Spotted Demonfish, Satanoperca daemon

Spotted Demonfish, Satanoperca daemon

The Spotted Demonfish (Satanoperca daemon) is difficult to keep and even harder to breed. It is also quite tricky to come by since it is not commonly offered by aquarium shops or fish auctions.

The Spotted Demonfish is a South American cichlid belonging to a group of fish commonly referred to as “earth-eaters”. It is a member of the genus Satanoperca, which currently includes seven different species. Satanoperca jurupari, Satanoperca leucosticte, Satanoperca mapiritensis and Satanoperca pappaterra are considered medium hard to keep and are also easier to obtain than the three other species. They are commonly referred to as the Juruparoids. Satanoperca acuticeps, Satanoperca deamon and Satanoperca lilith form the so called “spotted demonfish group” and are considered really hard to care for in captivity. They should only be kept by experienced and devoted aquarists who are willing to spend a lot of time and effort on fulfilling their requirements.


When Satanoperca deamon enters the hobby, it is often in shipments containing the more commonly kept Satanoperca jurupari. Distinguishing the two species from each other when they arrive is certainly not difficult, since the black blotch of Satanoperca jurupari is limited to the upper half of the caudal peduncle. If you see a fish where the blotch proceeds onto the fin, you are looking at a Satanoperca deamon. In Satanoperca deamon the blotch is also ringed with a bluish-white collar. In addition to this, Satanoperca deamon has two black blotches on its flank, right below the lateral line. The common name of the fish, Spotted Demonfish, is actually derived from these two blotches.

Housing Spotted Demonfish

Since the Spotted Demonfish is an earth-eater, it will spend most of its time near the substrate. The bottom size of the aquarium is therefore much more important than its volume. If you want to keep several adults together the aquarium should be at least 4 feet long, since adult specimens can reach a length of 10 inches in captivity.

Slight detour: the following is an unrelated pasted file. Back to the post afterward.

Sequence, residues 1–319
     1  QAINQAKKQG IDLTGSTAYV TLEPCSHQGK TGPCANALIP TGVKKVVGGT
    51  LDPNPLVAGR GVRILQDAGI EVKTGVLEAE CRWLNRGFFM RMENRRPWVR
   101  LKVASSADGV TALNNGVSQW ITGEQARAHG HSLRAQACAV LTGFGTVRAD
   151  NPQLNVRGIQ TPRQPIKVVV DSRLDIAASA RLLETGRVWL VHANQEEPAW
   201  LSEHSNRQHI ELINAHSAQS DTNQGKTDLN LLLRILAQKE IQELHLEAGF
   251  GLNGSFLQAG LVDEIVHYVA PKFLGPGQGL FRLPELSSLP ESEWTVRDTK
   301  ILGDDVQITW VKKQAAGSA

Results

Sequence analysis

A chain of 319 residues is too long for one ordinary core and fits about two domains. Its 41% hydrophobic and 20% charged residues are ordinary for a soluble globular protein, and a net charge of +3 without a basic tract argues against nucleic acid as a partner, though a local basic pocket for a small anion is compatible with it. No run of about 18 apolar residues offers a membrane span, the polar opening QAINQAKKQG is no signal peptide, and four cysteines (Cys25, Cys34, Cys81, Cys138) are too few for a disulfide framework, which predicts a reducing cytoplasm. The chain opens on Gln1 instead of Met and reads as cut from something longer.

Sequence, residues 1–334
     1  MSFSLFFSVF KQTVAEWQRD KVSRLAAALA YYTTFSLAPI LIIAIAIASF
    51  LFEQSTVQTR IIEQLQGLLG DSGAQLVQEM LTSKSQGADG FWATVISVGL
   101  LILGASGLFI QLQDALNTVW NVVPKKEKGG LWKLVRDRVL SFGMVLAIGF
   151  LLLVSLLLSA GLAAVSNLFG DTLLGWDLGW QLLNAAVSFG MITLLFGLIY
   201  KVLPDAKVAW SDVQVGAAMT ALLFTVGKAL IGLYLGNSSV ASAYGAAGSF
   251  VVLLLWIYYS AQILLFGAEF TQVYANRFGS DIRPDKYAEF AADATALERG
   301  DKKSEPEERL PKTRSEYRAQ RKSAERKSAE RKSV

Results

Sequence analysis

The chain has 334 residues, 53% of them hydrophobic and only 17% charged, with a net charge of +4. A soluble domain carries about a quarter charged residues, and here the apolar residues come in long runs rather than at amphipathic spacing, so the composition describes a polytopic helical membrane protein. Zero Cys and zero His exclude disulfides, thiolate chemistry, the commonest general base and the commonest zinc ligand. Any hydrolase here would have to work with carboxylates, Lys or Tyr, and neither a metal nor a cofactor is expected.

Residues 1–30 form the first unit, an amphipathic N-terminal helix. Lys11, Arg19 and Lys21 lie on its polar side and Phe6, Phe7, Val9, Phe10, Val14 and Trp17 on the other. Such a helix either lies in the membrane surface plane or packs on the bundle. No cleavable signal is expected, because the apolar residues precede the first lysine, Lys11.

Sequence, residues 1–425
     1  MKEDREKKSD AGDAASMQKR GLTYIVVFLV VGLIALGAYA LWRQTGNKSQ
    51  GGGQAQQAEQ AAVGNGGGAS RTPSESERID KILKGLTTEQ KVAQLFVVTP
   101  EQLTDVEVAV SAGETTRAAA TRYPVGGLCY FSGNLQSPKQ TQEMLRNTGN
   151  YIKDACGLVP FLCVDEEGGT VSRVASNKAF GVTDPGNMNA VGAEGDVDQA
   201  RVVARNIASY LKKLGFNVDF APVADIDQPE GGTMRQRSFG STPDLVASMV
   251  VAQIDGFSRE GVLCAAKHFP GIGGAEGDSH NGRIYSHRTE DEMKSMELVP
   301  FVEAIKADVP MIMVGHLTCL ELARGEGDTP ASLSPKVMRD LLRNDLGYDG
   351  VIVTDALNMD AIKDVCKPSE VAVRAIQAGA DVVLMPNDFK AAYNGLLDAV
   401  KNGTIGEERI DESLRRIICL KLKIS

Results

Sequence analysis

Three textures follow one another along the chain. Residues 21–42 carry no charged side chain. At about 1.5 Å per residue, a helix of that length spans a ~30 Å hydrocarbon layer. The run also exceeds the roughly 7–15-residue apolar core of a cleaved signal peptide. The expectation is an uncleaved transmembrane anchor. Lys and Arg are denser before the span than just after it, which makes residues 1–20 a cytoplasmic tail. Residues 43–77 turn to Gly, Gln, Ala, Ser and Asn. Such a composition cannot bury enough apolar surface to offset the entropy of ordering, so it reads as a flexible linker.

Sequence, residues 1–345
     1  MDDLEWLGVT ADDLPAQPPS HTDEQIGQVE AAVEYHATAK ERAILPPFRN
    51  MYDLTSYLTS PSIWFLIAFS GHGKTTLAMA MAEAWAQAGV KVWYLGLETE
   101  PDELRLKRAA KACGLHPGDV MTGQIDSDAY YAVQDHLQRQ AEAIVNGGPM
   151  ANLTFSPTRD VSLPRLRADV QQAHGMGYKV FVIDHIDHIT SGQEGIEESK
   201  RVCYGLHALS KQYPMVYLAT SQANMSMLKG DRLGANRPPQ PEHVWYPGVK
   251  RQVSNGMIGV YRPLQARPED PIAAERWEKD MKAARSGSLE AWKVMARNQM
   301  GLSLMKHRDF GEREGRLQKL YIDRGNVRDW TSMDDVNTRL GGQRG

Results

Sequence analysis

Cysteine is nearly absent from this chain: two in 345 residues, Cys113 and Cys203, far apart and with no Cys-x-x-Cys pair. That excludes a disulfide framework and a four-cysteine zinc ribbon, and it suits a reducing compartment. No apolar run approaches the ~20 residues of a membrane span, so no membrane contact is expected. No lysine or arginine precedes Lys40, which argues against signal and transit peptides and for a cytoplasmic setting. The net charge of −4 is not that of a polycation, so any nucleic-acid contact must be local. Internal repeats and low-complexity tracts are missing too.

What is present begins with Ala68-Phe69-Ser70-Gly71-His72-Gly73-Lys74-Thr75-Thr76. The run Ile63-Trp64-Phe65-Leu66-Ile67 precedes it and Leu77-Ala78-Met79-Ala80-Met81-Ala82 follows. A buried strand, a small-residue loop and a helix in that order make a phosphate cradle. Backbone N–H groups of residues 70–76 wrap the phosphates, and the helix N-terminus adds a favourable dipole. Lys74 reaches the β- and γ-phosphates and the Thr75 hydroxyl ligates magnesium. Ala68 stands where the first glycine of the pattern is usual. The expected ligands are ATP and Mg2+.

Try to mimic the natural habitat of the Spotted Demonfish when you arrange the aquarium. This species is usually collected from Colombian blackwater habitats where it inhabits wooded shorelines with sandy bottoms. They will appreciate driftwood and floating plants in the aquarium, and will spend more time out in the open if you provide areas of surface cover. Spotted Demonfish has been found among leaf litter in the wild, and may therefore appreciate leaves in the aquarium. Leaves can also be used to help keep the pH-value down.  

The Spotted Demonfish feeds by continuously shifting sand in search for tiny animals, hence the name “earth-eater”. It is very important that your fish is given opportunity to carry out this behavior in the aquarium. Instead of ordinary gravel or aquarium sand, purchase the really fine grade sand used for pressurized sand filters and provide your fish with at least 2 inches of this. Fin grade sand is also necessary for breeding Spotted Demonfish (you can read more about this farther down in this article).


As mentioned above, Spotted Demonfish specimens available for aquarists have usually been collected in Colombian blackwater biotopes and will therefore appreciate such water conditions in the aquarium. Blackwater habitats have acidic and really soft water, i.e. a pH-value in the 3.5-5.3 range and water hardiness below 1 dH. Blackwater habitats are “black” due to the high amount of dissolved tannins which turns the water in to a deep, tea-colored shade. There are several ways of making tap water soft, you can for instance use rain water, RO water (reverse osmosis), filter the water through peat moss, or purchase pH-lowering chemicals from the aquarium store. Tannic and humic acids can be derived from peat moss, oak leaves or bog wood. Tannic and humic acids are also commercially available in aquarium stores.  

In addition to keeping the water “black”, acidic and soft, you must also keep the levels of organic waste down to a minimum. All Satanoperca cichlids are highly sensitive to nitrogenous waste and the Spotted Demonfish is even more sensitive than its close relatives. If you do not keep the water quality up, your Spotted Demonfish can easily develop bloat.

The recommended water temperature is 84-88 degrees F. 

Tank mates

If you keep Spotted Demonfish in a species aquarium, it can increase their aggressiveness towards each other somewhat, but it rarely turns into serious fighting or harassment. Keeping Spotted Demonfish by them selves is therefore quite common, since it makes it easier to keep the water quality at supreme levels. The Spotted Demonfish is a docile cichlid, but it is not really shy, especially not in a well decorated aquarium. If you have kept Satanoperca jurupari or Satanoperca leucosticta before, you may be surprised by the boldness of the Spotted Demonfish. Dither fish is therefore not required when keeping Spotted Demonfish.

If you want to combine your Spotted Demonfish with other species, these species must naturally appreciate blackwater conditions. The Spotted Demonfish does not seem to care much about other fish and can be kept with most heterospecifics, including small South American blackwater cichlids. You should however keep their earth-eating in mind when you select tank mates and avoid species that will try to occupy the bottom of the aquarium. The Spotted Demonfish can also develop nutritional deficiencies if kept in an aquarium with fast, competitive species that will grab all the food before the earth-eater has a chance to find it. Large, fast-swimming Charcoids can for instance cause a problem. A safer choice is Pterophyllum cichlids since they will not out-compete the Spotted Demonfish for food, nor occupy the substrate.